A CHILDCARE worker who has admitted manufacturing firearms told a jury she was in love with her accomplice and “wasn’t thinking straight.”

Kiran Hussain alleged that Ummar Yaqoob sold homemade slam guns in Oldham, Manchester, Wakefield and Birmingham.

She would often drive him to different locations so that he could deal in the weapons, she said.

Hussain said she did not know that Ummar Yaqoob was going to fire a gun through the window of a house in Agar Street, Girlington, Bradford, on Sunday, March 31.

She parked in a nearby street and waited up to 20 minutes for him to come back to the car, the court was told.


Soon afterwards, he told her: “I’ve just shot at someone’s f***ing house. Let’s get out of here now.”

“I was shocked. I didn’t think he would do something like that,” she said.

She continued: “I didn’t know what to think.

"He knew I loved him and he knew I was storing his stuff, but that’s not something I would ever agree to,” she added.

Hussain, 24, of Ophelia Close, Little Horton, Bradford, has pleaded guilty to manufacturing slam guns and to two offences of possession of a prohibited firearm.

She and identical twins, Ummar and Kuram Yaqoob, deny attempting to murder Hamza Nazir and possession of a firearm with intent to endanger life.

Ummar Yaqoob, 30, of Hill Top Mount, Oakwood, Leeds, has pleaded guilty to possession of a slam gun with intent to cause fear of violence and manufacturing a prohibited firearm.

Kuram Yaqoob, of Daisy Hill Lane, Bradford, denies manufacturing a prohibited firearm.

Hussain said she obtained a qualification in childcare from Bradford College and went on to work at Bradford Royal Infirmary with vulnerable adults and end-of-life patients.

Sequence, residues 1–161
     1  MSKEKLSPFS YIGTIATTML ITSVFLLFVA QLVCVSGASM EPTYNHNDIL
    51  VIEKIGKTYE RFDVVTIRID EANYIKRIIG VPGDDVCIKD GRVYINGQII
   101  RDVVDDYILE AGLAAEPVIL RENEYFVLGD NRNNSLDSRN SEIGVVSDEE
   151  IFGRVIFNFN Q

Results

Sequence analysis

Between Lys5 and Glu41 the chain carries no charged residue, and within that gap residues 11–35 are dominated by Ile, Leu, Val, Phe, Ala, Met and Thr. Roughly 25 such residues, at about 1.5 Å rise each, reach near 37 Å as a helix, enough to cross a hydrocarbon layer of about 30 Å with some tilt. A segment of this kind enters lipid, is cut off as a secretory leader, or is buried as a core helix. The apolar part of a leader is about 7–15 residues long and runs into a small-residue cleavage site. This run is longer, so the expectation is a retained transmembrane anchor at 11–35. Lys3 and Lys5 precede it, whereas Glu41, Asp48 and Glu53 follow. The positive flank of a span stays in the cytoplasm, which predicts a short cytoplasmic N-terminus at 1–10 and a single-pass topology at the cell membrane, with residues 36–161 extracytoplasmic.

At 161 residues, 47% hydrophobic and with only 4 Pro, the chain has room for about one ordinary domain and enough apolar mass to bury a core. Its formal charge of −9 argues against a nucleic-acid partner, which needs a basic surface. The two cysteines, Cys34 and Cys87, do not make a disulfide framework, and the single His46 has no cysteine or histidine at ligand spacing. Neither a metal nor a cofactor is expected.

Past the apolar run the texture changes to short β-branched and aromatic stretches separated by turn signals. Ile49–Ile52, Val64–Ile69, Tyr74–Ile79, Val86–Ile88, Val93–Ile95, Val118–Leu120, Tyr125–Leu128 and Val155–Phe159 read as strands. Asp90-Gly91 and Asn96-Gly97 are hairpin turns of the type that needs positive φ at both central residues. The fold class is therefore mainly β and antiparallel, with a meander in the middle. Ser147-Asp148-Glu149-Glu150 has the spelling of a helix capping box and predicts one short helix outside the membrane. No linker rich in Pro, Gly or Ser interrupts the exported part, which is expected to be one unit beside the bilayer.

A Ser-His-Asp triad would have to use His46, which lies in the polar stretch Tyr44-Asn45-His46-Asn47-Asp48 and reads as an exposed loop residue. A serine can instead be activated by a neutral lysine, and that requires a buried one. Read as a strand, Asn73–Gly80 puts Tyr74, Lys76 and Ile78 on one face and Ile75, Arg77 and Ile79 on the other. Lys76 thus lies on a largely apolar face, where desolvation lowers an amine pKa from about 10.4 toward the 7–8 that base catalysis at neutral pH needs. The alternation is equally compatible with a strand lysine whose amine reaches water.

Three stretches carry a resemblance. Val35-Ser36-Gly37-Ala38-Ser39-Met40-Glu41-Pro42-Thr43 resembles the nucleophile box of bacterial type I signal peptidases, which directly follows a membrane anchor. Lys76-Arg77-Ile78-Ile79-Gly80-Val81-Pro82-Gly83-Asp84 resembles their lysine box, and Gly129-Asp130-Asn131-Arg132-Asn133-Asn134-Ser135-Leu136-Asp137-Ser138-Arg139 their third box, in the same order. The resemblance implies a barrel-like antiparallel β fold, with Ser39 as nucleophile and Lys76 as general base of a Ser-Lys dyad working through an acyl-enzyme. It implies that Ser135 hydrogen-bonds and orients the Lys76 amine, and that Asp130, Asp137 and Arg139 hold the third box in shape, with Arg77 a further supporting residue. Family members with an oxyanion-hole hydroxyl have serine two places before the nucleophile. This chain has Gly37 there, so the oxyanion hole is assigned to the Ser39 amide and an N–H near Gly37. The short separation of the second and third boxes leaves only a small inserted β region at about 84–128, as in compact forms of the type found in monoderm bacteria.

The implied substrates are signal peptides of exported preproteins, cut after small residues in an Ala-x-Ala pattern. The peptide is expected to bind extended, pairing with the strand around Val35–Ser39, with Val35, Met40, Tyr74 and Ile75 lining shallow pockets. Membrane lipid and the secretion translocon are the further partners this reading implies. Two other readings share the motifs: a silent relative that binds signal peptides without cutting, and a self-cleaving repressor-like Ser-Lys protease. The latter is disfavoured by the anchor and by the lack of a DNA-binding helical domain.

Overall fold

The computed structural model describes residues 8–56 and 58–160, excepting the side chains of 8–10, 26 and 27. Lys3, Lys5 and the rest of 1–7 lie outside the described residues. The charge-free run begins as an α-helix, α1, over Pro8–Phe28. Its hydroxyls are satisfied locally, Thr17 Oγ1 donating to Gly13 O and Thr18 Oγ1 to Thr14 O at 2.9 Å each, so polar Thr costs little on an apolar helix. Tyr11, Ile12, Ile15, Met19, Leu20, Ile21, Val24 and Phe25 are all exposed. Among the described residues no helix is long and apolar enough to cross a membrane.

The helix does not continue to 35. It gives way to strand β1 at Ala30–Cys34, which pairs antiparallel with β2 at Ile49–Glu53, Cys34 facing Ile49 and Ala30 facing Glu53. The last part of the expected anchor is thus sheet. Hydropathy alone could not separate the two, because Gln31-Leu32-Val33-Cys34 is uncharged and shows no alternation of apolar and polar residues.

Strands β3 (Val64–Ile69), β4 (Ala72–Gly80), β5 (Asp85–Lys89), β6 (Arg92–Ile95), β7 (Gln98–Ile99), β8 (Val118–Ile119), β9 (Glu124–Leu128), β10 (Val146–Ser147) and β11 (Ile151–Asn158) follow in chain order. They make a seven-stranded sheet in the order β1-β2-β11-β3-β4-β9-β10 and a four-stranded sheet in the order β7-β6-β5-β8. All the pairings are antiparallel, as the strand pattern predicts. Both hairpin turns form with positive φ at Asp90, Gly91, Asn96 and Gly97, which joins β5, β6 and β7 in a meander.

She was going to take a nursing degree this year.

She told how she met Ummar Yaqoob in November last year after they had chatted on Instagram.

“I fell in love with him straight away,” she said.

“He told me he loved me in the first couple of weeks and I was over the moon about that because I felt the same way.”

Hussain said that Ummar Yaqoob proposed and she said yes.

He worked at a window factory and fixed cars, she told the jury.

In January, she used her eBay account to order some pipes for Ummar Yaqoob and he paid her in cash.

She saw cartridges at his home and he explained how to put a slam gun together.

“I didn’t really understand it but I knew it was something criminal.

"I was being stupid.

"I wasn’t thinking straight.

"I loved him so much I just didn’t think and ended up going along with it,” Hussain said.

She said Ummar Yaqoob had a split personality; some days being nice and loving and not speaking to her on others.

He began hitting her round the head when they had been together for a couple of weeks, Hussain claimed.

She said she was scared of Ummar Yaqoob but she loved him.

“I thought I could change him, that he would change once we were married,” she told the court.

The trial continues.